On Thursday Statoil ASA unveiled the world’s first online subsea gas compression plant located at the Asgard field in the Norwegian Sea. It is a sign that Statoil can meet their goal of setting up a complete processing plant.
Statoil stated that with this development, recovery carried out in Midgard and Mikkel reservoir will increase while Midgard will be from 67 to 87 percent and Mikkel 59 to 84 percent. This will result in more than 306 million barrels of oil compared to what is being produced from Asgard before.
The project that is estimated to cost $2.3 billion was started in 2005. Additionally, 11 million man hours were expended from the beginning to the end of the project. Statoil restated that not less than 40 new technologies have been produced and acquired as part of setting up the plant.
Compression is a method of producing oil or gas from the field when the natural pressure in the reservoir goes down. Recently compression plants have been set up on platforms or onshore, however, this new plant is 1,000 feet under water.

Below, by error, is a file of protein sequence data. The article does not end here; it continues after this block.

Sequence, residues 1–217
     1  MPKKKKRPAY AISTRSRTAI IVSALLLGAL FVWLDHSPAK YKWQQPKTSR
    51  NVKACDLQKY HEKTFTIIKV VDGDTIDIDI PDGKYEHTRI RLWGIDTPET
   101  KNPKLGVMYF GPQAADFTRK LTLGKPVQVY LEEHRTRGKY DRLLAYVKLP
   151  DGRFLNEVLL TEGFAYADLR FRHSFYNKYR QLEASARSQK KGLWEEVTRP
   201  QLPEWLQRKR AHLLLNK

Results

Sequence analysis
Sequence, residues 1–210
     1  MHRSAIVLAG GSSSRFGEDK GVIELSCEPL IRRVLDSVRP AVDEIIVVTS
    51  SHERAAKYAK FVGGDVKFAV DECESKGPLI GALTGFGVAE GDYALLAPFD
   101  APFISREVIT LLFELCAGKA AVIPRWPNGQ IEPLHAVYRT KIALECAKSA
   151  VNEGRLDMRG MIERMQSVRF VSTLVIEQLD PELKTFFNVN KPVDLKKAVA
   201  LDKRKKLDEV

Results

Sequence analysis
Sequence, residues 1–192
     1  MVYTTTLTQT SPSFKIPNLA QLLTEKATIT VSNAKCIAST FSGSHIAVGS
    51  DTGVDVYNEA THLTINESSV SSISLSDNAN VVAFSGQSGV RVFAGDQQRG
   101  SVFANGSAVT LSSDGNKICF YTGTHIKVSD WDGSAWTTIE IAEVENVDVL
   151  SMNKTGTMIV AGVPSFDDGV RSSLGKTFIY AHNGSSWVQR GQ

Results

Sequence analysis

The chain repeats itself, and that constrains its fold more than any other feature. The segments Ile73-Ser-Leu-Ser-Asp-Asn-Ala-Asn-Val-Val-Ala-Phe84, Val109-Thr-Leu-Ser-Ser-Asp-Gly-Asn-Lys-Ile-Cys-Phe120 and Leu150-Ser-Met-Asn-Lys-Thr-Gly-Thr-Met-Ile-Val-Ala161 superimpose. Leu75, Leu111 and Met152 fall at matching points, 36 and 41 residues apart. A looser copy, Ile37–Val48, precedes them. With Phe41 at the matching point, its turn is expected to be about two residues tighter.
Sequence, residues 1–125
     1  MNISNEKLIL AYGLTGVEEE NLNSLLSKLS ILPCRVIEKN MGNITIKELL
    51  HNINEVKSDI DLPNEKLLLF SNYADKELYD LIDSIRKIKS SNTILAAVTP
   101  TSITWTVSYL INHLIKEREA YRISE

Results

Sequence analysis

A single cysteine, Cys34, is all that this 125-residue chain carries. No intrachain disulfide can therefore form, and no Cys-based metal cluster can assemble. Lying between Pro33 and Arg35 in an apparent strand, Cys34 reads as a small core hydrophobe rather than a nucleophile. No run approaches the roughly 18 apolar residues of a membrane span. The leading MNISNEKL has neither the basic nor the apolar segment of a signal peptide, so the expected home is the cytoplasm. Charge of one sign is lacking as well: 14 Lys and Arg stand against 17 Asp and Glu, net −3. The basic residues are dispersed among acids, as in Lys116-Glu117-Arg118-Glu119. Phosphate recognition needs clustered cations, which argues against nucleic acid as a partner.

Furthermore, Statoil’s models have been designed in such a way that it will be more energy-efficient than the earlier topside solutions in order to improve recovery. The firm stated that the models lower carbon dioxide emissions and energy consumption over a long period.
Statoil has accumulated over 500 subsea wells that increased their recent production to 50 percent; they are planning to use subsea processing systems and subsea gas compression in its subsequent expansion.
Margareth Øvrum, EVP for Technology said subsea gas compression technology is for the future and that it is a sign we are stepping up towards achieving a subsea processing factory.